Chileshe Nkonde-Price (third from left) with members of Penn Medicine's cardiovascular team on "Go Red" Friday.
Most women fear breast cancer more than heart disease but, in fact, cardiovascular disease is the more deadly. Indeed, more women die from a cardiac condition than all cancers combined. “More men are diagnosed with heart disease, but, when a woman gets it, she’s more likely to die,” said Chileshe Nkonde-Price, MD, of Cardiovascular Medicine.
Still, with the right vigilance during the many stages of a woman’s life, the trend can be reversed. And that’s where the new Penn Women’s Cardiovascular Center comes into play.
“We’re creating a culture of women’s cardiovascular health that’s for women, by women,” said Nkonde-Price, who serves as director of the new Center. “By continually assessing risk factors and educating women, we have the tools to prevent heart attacks in the future.”
A Focus on Maternal Heart Health
Cardiac disease is now the leading cause of maternal death in the US, Nkonde-Price said. Many factors contribute, but one stands out: the changing profile of women getting pregnant. “Women are older and may enter pregnancy with a heart condition,” she said. For example, “simple congenital lesions [“holes in the heart”] are now so easily fixed that women enter adulthood with no need to see a cardiologist. But pregnancy puts a huge strain on the heart and we haven’t yet seen how these women cope with it,” she said.
In addition, symptoms that might alert a woman to a brewing cardiac condition, such as feeling tired, out of breath, or swelling, are similar to those of pregnancy. But it could also be preeclampsia. This potentially serious condition, which develops in 1 of 30 pregnant women, starts with elevated blood pressure and extreme swelling in the feet, legs, and hands. “People think delivery ends the problem but not necessarily,” Nkonde-Price said. “These patients are twice as likely to develop regular hypertension in their lives if they have it during pregnancy. It’s a window of what might happen in the future.”
Pregnancy and early post-pregnancy are important times to assess a woman’s cardiac risk factors to create a road map and treatment plan that can guide her through pregnancy, labor and delivery, and beyond, she added.
The Next Stage: Raising a Family
Studies show that women tend to put their loved ones first when it comes to health care and are less likely to see a doctor themselves. When it comes to heart health, that can have serious consequences. Women can easily ignore the often vague symptoms of heart disease, such as nausea, fatigue, and shortness of breath, with or without chest discomfort.
That’s why it’s essential to initiate – and maintain -- a heart healthy lifestyle, Nkonde-Price said. At the Penn Women’s Cardiovascular Center, “we educate women about healthy behaviors [eg, regular exercise and not smoking] but can also refer them to other Penn services that will help them reach their goals, for example, the Penn Center for Women’s Behavioral Wellness. Research links a person’s psychological well-being to heart health.”
Nkonde-Price considers menopause – the next milestone in a woman’s life -- to be a particularly vulnerable time for women when it comes to their hearts. The incidence of heart disease increases dramatically around peri-menopause and it correlates directly with the decrease of estrogen, she said. “At this point, the number of women suffering heart attacks catches up with men,” she said.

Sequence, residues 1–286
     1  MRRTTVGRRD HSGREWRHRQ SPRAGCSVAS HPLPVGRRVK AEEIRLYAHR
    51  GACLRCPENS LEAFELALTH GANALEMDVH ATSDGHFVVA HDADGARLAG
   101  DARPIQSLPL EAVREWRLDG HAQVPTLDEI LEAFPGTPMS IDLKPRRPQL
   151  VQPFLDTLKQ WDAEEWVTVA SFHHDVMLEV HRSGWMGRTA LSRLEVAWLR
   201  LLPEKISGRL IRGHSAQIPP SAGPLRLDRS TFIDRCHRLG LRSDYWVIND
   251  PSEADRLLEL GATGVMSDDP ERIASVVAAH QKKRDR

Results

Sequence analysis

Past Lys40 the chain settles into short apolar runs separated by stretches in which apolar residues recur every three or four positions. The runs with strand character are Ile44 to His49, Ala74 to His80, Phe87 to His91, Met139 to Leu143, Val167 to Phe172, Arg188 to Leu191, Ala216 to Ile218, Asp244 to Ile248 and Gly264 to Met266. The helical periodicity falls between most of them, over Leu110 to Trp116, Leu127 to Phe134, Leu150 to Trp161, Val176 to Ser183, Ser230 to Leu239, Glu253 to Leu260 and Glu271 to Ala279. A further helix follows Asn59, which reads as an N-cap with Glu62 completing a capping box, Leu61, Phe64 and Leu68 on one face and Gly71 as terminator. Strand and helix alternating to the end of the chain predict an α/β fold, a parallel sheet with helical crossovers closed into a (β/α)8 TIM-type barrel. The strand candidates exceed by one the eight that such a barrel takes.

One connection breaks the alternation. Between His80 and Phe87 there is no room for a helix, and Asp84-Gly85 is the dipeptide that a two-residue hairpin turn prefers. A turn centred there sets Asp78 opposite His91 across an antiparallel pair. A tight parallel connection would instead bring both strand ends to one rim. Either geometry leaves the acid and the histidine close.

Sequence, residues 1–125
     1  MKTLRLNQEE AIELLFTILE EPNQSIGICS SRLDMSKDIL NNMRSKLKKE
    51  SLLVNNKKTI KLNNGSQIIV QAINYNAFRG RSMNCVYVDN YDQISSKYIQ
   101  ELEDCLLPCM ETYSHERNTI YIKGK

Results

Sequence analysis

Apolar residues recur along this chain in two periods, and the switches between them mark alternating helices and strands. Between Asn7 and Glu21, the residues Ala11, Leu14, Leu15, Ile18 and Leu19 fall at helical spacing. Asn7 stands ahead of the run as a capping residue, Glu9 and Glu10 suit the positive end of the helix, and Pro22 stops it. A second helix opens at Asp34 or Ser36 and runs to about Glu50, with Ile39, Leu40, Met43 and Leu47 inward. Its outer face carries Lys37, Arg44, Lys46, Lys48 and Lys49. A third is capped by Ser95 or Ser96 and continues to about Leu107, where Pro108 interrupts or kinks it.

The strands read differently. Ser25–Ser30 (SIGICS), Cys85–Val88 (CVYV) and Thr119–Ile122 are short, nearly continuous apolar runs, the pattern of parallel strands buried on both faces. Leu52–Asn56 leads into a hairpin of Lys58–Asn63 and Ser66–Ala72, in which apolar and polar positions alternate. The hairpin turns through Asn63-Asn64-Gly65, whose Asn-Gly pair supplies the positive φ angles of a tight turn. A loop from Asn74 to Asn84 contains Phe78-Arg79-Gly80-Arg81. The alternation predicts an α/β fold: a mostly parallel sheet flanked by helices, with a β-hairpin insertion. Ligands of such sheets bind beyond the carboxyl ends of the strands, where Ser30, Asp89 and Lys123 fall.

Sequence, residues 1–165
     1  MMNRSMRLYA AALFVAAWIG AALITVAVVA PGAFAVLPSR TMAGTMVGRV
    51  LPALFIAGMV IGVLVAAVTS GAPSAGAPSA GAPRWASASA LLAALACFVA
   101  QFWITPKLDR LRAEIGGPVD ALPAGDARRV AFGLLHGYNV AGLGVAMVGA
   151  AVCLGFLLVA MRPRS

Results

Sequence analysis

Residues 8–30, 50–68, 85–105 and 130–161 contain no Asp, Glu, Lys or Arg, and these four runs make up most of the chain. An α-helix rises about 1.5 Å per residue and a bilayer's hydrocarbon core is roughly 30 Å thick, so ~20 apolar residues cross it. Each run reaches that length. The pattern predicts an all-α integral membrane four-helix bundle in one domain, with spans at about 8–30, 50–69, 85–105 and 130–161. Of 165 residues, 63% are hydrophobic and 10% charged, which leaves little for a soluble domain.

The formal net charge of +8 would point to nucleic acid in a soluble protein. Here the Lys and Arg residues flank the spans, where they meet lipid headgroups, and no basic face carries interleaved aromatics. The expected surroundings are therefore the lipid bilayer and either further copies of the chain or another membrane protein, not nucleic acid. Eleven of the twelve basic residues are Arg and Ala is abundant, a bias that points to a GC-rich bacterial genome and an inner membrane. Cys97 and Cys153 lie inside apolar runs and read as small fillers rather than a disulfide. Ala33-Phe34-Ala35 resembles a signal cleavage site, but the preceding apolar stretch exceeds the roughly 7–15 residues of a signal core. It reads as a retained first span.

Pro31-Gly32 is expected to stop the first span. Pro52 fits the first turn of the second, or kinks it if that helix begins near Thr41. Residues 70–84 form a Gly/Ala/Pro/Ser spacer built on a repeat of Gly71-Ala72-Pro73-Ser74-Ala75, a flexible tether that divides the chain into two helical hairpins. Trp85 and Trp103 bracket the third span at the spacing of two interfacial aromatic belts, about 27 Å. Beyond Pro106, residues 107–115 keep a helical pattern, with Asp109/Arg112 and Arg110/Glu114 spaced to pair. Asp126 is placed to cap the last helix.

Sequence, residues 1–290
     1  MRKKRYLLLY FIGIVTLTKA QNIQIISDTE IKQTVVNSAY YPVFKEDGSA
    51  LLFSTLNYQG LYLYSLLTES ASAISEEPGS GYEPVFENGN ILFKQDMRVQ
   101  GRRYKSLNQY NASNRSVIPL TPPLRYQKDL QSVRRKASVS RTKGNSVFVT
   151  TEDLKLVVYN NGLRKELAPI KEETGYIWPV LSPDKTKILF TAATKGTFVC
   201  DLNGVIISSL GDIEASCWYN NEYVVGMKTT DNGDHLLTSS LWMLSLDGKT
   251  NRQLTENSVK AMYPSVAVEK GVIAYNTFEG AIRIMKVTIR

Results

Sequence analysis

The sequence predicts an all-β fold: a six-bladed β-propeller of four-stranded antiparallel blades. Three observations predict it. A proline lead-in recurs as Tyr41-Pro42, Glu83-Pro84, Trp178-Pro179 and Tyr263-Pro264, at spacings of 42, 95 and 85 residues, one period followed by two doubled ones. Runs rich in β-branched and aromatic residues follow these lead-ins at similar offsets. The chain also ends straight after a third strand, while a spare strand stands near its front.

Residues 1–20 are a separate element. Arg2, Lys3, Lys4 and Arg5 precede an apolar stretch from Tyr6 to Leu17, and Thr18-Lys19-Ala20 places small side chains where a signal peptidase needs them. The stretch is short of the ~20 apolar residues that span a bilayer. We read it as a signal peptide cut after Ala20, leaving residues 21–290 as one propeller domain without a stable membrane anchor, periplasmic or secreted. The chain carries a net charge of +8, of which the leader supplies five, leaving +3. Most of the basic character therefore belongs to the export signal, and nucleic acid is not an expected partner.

The risk is even greater for women on hormone replacement therapy, which she said has been linked to heart disease.
“We take every new chest pain or shortness of breath very seriously,” she said. “It’s extremely important to assess a woman’s numbers –including blood pressure, cholesterol, fasting glucose – and take steps to bring any risks under control.”
Staying connected with patients outside of office visits is a priority for Nkonde-Price. She often uses MyPennMedicine, the UPHS patient portal, to share information that a patient might find interesting and relevant. For example, she shared a recent study showing that eating a cup of blueberries a day helps prevent women who have borderline high blood pressure from crossing over into the highest risk level. Patient feedback shows that women are not only reading her messages but are glad to receive the information.
As a member of Penn’s Center for Healthcare Innovation team, Nkonde-Price is involved in two pilots investigating how today’s technology can help doctors keep this connection. One will investigate the use of mobile apps that allow patients with high blood pressure to take and send their blood pressure measurements through a connected health device, which will automatically incorporate into PennChart, the Health System’s electronic medical record system. The apps might help doctors predict how to care for these patients in a more precise way.
Another pilot asks patients to keep photographic food diaries and share them via MyPennMedicine or email as a way to get and stick with a heart healthy diet. “They can send photos of food in their fridge, or of a meal and we’ll use that information to converse about heart health and establish a baseline measure of how well they’re doing.”
Because even common heart conditions present differently in women, which can delay diagnosis and treatment, “women have told me that they’ve been blown off with ‘It’s only anxiety. Relax. ’” she said. “I’m excited about creating a a clinical home that’s dedicated to their cardiovascular health.”